Based on an adult population of 29.5 million in Canada, our latest results show 7 percent or 2.1 million adults are hesitant and the same number are outright refusing a COVID-19 vaccination.
Understanding how to increase vaccine acceptance starts by acknowledging that the hesitant and refusers share some similarities, but in other respects are quite different.
Let’s start with the “vaccine hesitant,” people who say they’re “willing but would rather wait a bit longer,” or “would rather not but could be persuaded.”
The number of vaccine hesitant is a lot smaller today than it was a few months ago, and chances are good it will be smaller still in a month’s time. But while hesitancy dropped from 21 percent in May to 7 percent today, the last few weeks are slower going.
Still, based on the attitudes of the hesitant, there’s a good chance we will hit 90 percent of adults fully vaccinated — and possibly even a point or two higher than that.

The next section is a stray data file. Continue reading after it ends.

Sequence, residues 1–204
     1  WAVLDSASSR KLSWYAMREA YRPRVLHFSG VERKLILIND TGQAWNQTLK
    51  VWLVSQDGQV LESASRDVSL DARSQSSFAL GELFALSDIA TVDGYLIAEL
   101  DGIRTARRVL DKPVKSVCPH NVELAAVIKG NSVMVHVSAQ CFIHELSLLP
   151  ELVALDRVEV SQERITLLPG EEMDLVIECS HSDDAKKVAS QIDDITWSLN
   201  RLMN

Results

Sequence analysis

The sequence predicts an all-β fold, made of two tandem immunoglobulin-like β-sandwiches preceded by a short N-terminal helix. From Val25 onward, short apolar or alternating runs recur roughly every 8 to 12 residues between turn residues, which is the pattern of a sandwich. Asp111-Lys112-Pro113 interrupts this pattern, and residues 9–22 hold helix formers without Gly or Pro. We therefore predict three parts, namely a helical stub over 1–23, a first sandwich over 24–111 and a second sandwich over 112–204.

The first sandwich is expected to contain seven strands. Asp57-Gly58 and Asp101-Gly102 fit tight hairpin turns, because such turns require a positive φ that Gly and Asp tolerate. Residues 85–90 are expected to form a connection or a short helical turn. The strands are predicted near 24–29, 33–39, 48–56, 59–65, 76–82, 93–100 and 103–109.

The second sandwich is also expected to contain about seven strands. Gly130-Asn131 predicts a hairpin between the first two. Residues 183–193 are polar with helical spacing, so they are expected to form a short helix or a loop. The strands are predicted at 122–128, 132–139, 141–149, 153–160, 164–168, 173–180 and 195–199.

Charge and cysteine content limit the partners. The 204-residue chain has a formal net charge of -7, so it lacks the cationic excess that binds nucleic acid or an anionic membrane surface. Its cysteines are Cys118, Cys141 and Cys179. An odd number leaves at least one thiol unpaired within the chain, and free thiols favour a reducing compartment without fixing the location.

The hesitant are not conspiracy theorists. They aren’t angry at the world. They don’t think COVID-19 is a hoax. They aren’t radicals of the left or the right — 61 percent of them say they are on the centre of the spectrum. Two thirds have post-secondary education. They might be timid, but they’re not stupid.
Almost half of them (46 percent) live in Ontario and well over half of them (59 percent) are women. A quarter were born outside Canada. Their average age is 42 and the plurality are between 30 and 44 years old. If they were voting in a federal election today, 35 percent would vote Liberal, 25 percent Conservative, 17 percent NDP, 9 percent Green — pretty similar to overall voting intentions for the entire population.